The $28 billion Australian Super is considering its options for providing financial advice to members, including employing salaried financial planners, as part of a project launched in response to ASIC’s simple advice relief.

Ian Silk, chief executive officer at Australian Super, confirmed a project was underway that would look at the “whole spectrum of advice and how we can improve the quality of what we do, from one end of the spectrum being purely factual information right through to face-to-face financial planning at the other”.

“There are obviously different channels of advice in between those two end points, so we’re looking at the whole gamut of channels that provide advice,” he said.

The project is being led by James Coyle, general manager of marketing and communications at the fund.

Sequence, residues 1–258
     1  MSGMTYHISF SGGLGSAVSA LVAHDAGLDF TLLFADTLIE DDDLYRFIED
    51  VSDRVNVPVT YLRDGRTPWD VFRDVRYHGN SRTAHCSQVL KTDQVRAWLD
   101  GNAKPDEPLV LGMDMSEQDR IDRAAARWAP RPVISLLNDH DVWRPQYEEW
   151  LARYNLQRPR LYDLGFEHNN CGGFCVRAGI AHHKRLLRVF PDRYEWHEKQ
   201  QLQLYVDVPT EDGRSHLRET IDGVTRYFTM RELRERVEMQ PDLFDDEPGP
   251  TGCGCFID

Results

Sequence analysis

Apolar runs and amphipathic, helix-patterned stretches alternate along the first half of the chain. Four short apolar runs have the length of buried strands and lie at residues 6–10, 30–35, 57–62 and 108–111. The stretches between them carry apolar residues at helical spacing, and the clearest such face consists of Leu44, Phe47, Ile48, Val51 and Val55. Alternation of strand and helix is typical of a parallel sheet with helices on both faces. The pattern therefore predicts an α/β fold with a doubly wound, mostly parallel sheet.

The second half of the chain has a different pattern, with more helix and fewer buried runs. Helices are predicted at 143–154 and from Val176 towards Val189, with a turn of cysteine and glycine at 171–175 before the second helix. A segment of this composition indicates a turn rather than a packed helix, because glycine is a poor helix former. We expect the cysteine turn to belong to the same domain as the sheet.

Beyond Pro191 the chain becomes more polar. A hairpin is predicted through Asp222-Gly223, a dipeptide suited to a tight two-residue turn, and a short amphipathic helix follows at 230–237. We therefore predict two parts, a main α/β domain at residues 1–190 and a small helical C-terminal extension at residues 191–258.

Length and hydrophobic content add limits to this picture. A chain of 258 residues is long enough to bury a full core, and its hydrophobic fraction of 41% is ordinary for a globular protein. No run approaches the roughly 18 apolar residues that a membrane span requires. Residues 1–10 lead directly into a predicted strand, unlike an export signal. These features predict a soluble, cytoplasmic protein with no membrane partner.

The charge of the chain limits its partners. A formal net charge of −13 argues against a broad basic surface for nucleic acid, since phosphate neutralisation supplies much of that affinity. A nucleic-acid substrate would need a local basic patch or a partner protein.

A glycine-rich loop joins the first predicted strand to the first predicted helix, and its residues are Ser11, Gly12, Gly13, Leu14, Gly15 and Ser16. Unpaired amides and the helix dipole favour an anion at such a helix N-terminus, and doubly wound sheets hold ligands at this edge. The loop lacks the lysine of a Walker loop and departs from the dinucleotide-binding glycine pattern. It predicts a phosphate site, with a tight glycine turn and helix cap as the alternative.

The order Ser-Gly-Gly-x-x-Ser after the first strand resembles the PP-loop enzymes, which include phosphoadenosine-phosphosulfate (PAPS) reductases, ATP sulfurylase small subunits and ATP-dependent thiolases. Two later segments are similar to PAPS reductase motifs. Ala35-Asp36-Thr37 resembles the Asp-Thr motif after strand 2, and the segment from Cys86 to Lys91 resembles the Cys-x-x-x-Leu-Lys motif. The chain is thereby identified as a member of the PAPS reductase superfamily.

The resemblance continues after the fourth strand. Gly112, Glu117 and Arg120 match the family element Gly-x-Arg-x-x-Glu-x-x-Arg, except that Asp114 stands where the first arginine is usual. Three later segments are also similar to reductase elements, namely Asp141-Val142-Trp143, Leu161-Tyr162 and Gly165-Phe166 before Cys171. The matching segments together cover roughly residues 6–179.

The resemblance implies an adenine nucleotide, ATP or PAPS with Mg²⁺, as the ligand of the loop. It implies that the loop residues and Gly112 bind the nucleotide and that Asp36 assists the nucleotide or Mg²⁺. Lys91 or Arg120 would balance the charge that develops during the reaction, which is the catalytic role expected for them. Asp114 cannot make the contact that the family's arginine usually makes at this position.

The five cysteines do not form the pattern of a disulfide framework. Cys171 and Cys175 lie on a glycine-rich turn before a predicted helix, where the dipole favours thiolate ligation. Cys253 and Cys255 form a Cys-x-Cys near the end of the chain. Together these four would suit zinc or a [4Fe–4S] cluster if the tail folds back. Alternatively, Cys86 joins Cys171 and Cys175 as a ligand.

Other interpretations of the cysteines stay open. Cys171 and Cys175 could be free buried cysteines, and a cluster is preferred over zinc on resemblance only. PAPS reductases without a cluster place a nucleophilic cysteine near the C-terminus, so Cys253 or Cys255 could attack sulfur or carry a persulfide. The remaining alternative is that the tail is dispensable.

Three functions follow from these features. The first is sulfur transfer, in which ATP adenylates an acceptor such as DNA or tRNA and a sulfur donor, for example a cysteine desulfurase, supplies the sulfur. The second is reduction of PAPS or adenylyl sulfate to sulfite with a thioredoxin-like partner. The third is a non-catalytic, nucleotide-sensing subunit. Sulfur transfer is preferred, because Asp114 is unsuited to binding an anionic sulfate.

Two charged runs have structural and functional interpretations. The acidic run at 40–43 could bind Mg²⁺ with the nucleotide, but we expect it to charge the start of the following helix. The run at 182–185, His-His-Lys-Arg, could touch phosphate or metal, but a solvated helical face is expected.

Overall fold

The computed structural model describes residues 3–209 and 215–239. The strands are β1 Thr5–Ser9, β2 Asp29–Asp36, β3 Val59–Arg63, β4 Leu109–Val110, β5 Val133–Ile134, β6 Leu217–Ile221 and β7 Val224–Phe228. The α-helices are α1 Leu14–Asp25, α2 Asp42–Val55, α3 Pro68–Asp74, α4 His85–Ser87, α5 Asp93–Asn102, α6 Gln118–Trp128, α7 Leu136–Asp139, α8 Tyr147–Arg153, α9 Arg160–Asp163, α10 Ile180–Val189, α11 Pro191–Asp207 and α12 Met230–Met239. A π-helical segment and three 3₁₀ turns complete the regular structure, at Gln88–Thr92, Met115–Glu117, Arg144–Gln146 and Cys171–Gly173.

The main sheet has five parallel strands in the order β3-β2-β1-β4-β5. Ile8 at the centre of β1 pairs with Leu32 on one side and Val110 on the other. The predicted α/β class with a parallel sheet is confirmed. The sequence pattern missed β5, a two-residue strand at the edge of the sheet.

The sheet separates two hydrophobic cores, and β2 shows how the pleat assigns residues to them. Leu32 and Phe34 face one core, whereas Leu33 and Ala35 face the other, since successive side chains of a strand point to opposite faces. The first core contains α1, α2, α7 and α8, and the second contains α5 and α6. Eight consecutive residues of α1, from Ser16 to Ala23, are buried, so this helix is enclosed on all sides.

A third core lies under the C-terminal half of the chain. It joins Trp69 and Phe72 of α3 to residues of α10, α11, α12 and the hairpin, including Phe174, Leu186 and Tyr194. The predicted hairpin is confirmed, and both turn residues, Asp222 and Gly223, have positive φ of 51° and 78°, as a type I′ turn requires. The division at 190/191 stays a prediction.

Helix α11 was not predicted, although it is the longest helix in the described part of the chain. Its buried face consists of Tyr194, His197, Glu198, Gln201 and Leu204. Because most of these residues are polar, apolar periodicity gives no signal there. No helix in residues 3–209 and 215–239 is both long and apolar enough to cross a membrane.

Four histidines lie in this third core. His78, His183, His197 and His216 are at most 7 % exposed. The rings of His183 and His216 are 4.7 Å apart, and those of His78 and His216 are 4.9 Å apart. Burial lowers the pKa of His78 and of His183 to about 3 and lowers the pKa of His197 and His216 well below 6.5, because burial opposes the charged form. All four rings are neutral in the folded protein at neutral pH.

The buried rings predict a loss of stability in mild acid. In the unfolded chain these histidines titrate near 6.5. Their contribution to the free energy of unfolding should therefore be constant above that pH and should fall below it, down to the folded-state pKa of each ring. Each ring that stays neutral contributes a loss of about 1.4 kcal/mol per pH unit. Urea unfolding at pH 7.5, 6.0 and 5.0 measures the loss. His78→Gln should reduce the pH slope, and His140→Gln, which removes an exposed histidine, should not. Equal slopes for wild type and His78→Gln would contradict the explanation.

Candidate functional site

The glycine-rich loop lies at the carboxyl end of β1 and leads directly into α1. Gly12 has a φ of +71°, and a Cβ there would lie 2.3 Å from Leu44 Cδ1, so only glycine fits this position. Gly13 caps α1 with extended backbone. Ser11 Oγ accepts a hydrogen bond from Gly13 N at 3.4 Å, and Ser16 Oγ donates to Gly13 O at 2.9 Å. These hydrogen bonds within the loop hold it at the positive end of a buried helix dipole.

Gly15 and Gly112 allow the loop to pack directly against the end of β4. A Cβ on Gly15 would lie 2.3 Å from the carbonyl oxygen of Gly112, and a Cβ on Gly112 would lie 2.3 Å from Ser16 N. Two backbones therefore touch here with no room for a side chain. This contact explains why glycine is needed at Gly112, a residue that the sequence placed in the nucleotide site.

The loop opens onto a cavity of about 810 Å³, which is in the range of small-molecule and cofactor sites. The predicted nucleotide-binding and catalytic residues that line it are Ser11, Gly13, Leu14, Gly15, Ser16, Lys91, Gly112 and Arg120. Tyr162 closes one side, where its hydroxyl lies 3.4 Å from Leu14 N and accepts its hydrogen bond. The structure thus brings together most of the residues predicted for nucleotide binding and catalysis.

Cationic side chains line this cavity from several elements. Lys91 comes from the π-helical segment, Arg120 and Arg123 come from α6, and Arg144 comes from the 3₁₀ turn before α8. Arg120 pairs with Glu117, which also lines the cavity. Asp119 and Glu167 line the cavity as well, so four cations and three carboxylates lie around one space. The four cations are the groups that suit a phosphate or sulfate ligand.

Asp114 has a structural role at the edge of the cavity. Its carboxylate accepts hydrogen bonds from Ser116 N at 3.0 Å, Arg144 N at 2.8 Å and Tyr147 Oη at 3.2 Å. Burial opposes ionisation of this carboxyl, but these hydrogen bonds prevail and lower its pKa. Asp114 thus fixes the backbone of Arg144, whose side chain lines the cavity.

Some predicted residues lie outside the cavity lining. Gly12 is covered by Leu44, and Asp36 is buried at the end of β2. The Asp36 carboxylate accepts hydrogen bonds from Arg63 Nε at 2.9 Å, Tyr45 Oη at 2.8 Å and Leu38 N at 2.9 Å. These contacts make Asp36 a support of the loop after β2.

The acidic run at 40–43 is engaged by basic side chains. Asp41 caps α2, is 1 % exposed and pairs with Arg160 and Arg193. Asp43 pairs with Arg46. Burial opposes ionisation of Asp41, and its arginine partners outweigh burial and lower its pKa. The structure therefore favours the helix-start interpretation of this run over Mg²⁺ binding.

Australian Super already has an AFSL to provide personal advice, but does not currently use it. Members have access to financial advice through Industry Funds Financial Planning.

Silk said it was “just a historical thing” that the fund had not chosen to use its licence to provide personal advice in the past.

“The licence is not really the issue because you can always apply for a licence,” he said. “The real issue is: what is the optimum mix of the available channels to deliver advice to members, and we are reviewing the whole gamut of options.”

Australian Super does not currently employ salaried financial planners in-house, but Silk said there was a “realm of advice provision that’s beyond just face-to-face financial planners”.

“There’s phone-based advice and web-based advice, our field staff and so on. We’re looking at the whole spectrum,” he said.

“[The project] might not be concluded, but we’ll have a fair idea of our direction by the end of the year.”

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